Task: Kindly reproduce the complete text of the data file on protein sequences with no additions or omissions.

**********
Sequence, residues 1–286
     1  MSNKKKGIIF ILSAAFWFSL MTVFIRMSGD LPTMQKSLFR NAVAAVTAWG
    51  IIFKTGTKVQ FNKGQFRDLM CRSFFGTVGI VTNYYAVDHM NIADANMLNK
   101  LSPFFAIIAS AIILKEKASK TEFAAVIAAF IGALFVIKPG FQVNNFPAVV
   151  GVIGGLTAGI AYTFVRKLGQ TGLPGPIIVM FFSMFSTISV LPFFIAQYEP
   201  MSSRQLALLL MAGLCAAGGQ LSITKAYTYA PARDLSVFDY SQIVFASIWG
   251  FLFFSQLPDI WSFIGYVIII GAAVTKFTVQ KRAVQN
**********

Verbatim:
Sequence, residues 1–286
     1  MSNKKKGIIF ILSAAFWFSL MTVFIRMSGD LPTMQKSLFR NAVAAVTAWG
    51  IIFKTGTKVQ FNKGQFRDLM CRSFFGTVGI VTNYYAVDHM NIADANMLNK
   101  LSPFFAIIAS AIILKEKASK TEFAAVIAAF IGALFVIKPG FQVNNFPAVV
   151  GVIGGLTAGI AYTFVRKLGQ TGLPGPIIVM FFSMFSTISV LPFFIAQYEP
   201  MSSRQLALLL MAGLCAAGGQ LSITKAYTYA PARDLSVFDY SQIVFASIWG
   251  FLFFSQLPDI WSFIGYVIII GAAVTKFTVQ KRAVQN